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New Member - staining strips?

Discussion in 'Strippers, Stitch-n-Glue, and Other Wood Composite' started by BarryB, Nov 22, 2006.

  1. Ric Altfather

    Ric Altfather WCHA #4035

    Experiment...

    Barry,

    Most of the Epoxy companies have sample kits that you can buy for $10. Try them before you buy the big kit. I did that and was able to make a very good evaluation for the project at hand. Also, I end up with a little epoxy for those one off jobs like a paddle, kayak saddles, repairs, etc. I have tried every one and in the final analysis, they all work, again depending on your job. You can save money with some, others offer better advice/support, all can blush depending on the hardner you use...my personal choice (unsolicited) is MAS with Raka (unsolicited) a close second. Buy the glass from the company you get the Epoxy from.

    Ric
     
  2. Todd Bradshaw

    Todd Bradshaw Sailmaker

    A 16' canoe with one gallon??? I'll believe that one when I see it. I don't care what brand you use, but unless you're using some sort of exotic, super-light cloth (and willing to take the strength reduction that comes with it) that's just dreaming.

    You're also preparing (unknowingly, I assume) to toss about half the strength and durability of your hull right out the window..... I've been round and round this topic on several strip forums with new builders, but the last thing you want to do on a stripper hull is use less reinforcement on the inside than on the outside - unless you have some sort of desire to later start another one of those "Dude, my boat split...what do I do now?" posts.

    People assume that the outside needs more strength than the inside because that's where the rocks are. This is only half true. Yes the rocks are outside, but the strength needed to survive them needs to be on the inside of the hull. When you hit a rock or when your hull flexes or it's bottom bounces there is a certain amount of compression on the outside. The inside layers, however, are in tension, not compression, and due to the thickness of the sandwich, they are getting far more destructive force than the outside is. An encounter with a beach or a rock may scrape the outside layer, so some thickness and beef out there helps the boat survive impact and abrasion, but the inside layers are likely to split wide open (both the glass and the wooden core) long before the damage on the outside even gets serious.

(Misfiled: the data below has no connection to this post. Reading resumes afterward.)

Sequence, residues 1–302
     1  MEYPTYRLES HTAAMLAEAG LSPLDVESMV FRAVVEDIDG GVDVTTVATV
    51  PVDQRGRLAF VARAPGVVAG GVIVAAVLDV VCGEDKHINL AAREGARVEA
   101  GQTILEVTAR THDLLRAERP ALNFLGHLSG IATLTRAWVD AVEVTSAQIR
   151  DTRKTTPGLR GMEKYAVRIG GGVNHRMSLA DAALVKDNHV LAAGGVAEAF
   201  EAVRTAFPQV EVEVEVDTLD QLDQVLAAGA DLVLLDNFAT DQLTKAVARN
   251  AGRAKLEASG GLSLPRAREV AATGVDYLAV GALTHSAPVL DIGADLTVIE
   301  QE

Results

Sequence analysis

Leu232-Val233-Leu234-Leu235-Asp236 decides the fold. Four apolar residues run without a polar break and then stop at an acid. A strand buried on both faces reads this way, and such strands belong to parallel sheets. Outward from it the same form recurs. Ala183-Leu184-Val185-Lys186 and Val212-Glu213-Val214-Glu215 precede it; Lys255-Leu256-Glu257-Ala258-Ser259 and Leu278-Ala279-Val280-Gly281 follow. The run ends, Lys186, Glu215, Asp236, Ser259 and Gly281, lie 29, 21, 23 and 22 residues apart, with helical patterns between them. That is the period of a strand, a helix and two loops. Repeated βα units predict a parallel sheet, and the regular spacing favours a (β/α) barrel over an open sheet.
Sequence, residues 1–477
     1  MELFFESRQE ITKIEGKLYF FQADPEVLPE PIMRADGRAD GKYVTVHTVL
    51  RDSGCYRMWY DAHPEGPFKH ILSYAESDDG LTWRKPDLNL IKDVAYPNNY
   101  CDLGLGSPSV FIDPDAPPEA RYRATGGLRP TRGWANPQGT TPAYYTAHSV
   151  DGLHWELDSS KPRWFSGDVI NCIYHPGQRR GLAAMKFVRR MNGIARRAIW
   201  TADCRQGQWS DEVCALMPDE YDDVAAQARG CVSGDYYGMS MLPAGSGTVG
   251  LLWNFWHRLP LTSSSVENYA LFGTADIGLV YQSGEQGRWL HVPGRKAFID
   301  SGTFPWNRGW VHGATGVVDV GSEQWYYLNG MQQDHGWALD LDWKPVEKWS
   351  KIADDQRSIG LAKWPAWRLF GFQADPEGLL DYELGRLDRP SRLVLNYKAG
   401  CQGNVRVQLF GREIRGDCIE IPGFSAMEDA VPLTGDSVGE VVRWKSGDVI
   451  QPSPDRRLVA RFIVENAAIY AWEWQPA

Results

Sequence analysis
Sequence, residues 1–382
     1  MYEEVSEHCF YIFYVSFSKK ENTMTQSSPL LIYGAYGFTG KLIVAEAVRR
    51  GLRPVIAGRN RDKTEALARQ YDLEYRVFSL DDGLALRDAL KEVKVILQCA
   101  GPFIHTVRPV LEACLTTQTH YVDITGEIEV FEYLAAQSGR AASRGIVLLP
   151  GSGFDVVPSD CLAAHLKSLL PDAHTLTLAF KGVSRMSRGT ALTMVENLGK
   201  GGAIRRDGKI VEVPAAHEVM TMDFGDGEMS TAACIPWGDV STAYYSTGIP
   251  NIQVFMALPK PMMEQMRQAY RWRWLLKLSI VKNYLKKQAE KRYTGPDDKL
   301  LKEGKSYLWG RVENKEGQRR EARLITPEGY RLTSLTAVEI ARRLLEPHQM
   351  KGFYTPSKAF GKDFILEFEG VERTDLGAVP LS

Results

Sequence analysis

The typical assumption that you can reduce the inside layup on a stripper to save weight is a huge mistake from a durability standpoint. Don't make it. If you want a lighter boat, use lighter trim, or thinner strips or lighter, more expensive cloth, but don't try building an unbalanced sandwich construction with less beef on the inside unless you have the experience to selectively reinforce a composite layup without losing strength and rigidity on one side.
     
  3. Dan Lindberg

    Dan Lindberg Ex Wood Hoarder

    Barry,

    Listen to Todd.

    BTW, on my projects it was closer to 2+ gals resin, for 17.5 and 18.5 canoes.
    Back then a 2 1/4 gal kit of MAS was available.

    Dan
     
  4. OP
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    BarryB

    BarryB Curious about Wooden Canoes

    2 Gallons

    Hi Ric, Todd, and Dan,
    All good information. Thanks for the replies. I got the "one gallon for a 16ft canoe" from a thread in December 2005. It was a reply from a person named "jackbat" to an "Epoxy" thread and it sounded like he knew what he was talking about. Todd, you were in that thread but never replied to the one gallon post. I presume because it was too ludicrous to warrant the attention. Regardless, I always intended to buy two gallons.

    The discussion about the double layer of glass on the bottom is new to me too. Canoecraft only discusses one layer of 6oz inside and out. I don't want to be one of those "Dudes" as Todd puts it, whose boat splits down the middle. Especially since this canoe is for my Daughter. I have an Old Town Yankee to restore for myself. So since the genie is out of the bottle, should I use two layers on both sides, one layer, or two on the inside and one on the outside, or what? I had intended to go with the recomendation in the book but now I'm not sure.

    I'm presuming this topic is well covered in the threads so I'll look around a bit to see what the concensus is but I really like getting direct information from you guys. The tone can be a little harsh sometimes but good coaching is often harsh in my experience. I'm not afraid so let me have it. You'll save me a load of time and trouble with your valuable experience. That's why I'm here.

    Thanks,
    Barry
     
  5. OP
    OP
    BarryB

    BarryB Curious about Wooden Canoes

    I Beam

    Hi Todd,